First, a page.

All of these organisations had one goal: Achieving agility. All of them chose to build their infrastructure on cloud. It is amazing to see the reactions from some of the established players about the ability of the new-age banks. “If they can do it, we can do it too,” they say.
As a result, Goldman Sachs launched their product Marcus this year, which offers a fixed-rate, no fee personal loan. It has already got 300,000 customers. They were able to think of expanding Marcus to UK – from idea to execution – in just 11 months. Goldman Sachs used AWS cloud infrastructure and services.
Leading financial services companies like Capital One and FINRA are able to reap benefits from cloud adoption. They are using AWS solutions including high-performance grid computing, data analytics, digital transformation, security and compliance, disaster recovery, and more to achieve desirable outcomes.
DynamicCIO: Regulatory compliance and security are big factors in adoption of cloud. How does AWS help in it?
SM: Regulatory compliance is a constantly evolving feature in this sector. With the increased thrust on digital banking and digital enablement of customers, the pace of change in compliance has also picked up. The role of compliance is nothing but to ensure that markets operate in a secure and efficient manner. For businesses it is about managing the risk appropriately to safeguard its value and assets. If a change is introduced in systems and business models, regulatory compliance structure also need to change because the same rule book can’t work with new services and technologies. How we, at AWS, help our customers with the evolution of governance frameworks is by holistically looking at technology risk manageability. We have a website called AWS Compliance Center. You can click on a particular country and know all the requirements from a technology standpoint, specifically cloud, and regulatory requirements like data protection. It also gives information on resources and controls that AWS provides, which help the security, governance, risk, compliance and audit professionals.
AWS now offers well over 175 services. Many of those services are focused on security of the infrastructure. We offer a number of services and tools to our customers to look at compliance – both monetary and evidence. For example Amazon Macie lets the customers understand where they may have the sensitive, confidential data exposed. It uses machine learning to automatically discover, classify, and protect sensitive data in AWS. The data could be personally identifiable information (PII) or intellectual property. It provides dashboards and alerts that give visibility into how this data is being accessed or moved.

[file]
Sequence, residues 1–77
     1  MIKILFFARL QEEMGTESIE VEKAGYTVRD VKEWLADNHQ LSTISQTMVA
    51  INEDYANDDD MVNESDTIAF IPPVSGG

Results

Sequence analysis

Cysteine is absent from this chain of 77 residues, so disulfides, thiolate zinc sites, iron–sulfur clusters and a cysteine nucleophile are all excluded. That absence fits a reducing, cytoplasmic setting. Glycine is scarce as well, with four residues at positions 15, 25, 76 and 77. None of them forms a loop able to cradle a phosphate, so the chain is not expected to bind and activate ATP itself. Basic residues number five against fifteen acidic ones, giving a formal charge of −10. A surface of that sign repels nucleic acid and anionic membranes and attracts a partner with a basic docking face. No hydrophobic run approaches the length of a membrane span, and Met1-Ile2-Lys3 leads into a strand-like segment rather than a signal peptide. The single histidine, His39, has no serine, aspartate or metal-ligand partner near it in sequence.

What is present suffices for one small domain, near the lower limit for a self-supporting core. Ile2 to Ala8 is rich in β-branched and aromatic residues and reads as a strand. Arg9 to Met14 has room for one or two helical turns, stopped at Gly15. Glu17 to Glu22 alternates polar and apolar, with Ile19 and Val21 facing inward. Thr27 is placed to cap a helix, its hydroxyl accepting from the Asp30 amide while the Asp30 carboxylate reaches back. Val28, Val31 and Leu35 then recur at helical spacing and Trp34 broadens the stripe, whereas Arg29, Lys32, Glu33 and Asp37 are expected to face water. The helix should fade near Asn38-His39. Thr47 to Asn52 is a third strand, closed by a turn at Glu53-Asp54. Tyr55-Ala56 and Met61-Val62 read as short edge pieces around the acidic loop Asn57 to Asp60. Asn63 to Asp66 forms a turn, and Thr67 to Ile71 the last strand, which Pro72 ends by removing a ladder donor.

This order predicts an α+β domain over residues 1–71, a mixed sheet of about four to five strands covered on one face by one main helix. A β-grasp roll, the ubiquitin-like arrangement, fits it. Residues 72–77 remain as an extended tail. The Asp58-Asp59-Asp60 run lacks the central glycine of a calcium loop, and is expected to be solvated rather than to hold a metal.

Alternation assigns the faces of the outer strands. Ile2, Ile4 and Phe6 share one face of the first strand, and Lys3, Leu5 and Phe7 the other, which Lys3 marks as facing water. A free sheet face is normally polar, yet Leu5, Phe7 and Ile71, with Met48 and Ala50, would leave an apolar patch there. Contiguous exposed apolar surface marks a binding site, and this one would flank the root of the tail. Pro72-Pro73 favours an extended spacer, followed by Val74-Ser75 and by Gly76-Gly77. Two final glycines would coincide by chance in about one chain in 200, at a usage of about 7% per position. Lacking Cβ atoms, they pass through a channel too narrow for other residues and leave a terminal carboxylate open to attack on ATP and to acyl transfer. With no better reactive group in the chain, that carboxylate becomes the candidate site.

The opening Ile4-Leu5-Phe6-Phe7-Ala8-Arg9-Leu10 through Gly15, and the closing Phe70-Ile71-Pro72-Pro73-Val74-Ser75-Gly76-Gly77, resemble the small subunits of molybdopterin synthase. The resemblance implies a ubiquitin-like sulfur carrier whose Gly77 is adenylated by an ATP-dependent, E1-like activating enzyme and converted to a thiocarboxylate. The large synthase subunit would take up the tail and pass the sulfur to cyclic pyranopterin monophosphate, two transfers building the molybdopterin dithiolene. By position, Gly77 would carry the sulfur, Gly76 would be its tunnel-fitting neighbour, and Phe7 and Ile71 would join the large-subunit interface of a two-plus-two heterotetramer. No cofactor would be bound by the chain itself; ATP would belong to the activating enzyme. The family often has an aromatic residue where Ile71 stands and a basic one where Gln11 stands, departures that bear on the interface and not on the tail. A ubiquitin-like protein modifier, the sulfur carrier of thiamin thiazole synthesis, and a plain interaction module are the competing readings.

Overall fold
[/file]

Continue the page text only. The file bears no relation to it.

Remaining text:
There’s a service announced recently at the re:Invent called ‘Amazon Detective’ which makes it easy to analyse, investigate, and quickly identify the root cause of potential security issues or suspicious activities. It automatically collects log data from the resources and uses machine learning, statistical analysis, and graph theory to build a linked set of data that enables you to easily conduct faster and more efficient security investigations.
Another interesting solution is AWS Identity and Access Management (IAM) which helps you control access and permissions to your AWS services and resources, such as compute instances and storage buckets.
AWS has made heavy investment in innovating solutions around both preventive and detective controls.
There is an immediate interest from the financial services companies on how manage their surveillance obligations whether it is fraud detection or KYC or anything else and use machine learning to limit the number of false positives so that the security teams don’t spend too much time on analysing every log, and every alert. The next evolution that we are witnessing is that vendors themselves are beginning to produce applications with built-in machine learning capabilities so that the customers don’t have to use machine learning on top of the outputs.
DynamicCIO: Where do you see the momentum shifting from here?
SM: The industry’s growth is solely dependent on two factors:
- How it personalises the experience for its customers
- How fast they reach to them with customised solutions
Customers today look for deeper engagements. This requires intuitiveness and insights from data. The future belongs to AI and ML. Artificial intelligence (AI) has that ability to enhance customer experience be it in form of a contact center, personalisation of services, forecasting and product innovation. AWS AI Services help in adding capabilities like image and video analysis, natural language, personalized recommendations, virtual assistants, and forecasting without the need to have deep expertise in machine learning.
For example, AWS offers a service ‘Amazon Personalise’. It is a machine learning service that makes it simple for developers to create personalised recommendations for customers using their applications. This was first used in Amazon.com’s ‘Next Best Offer’ – the retailer’s recommendation engine. We took the same technology and built it into a service. Now the customers can consume it as a service. Emirates uses it in their operations. Even Dominos uses Amazon Personalize to achieve personalization at scale across its entire customer base. It enables to apply context about individual customers and their circumstances, and deliver customized communications such as special deals and offers using the digital channels.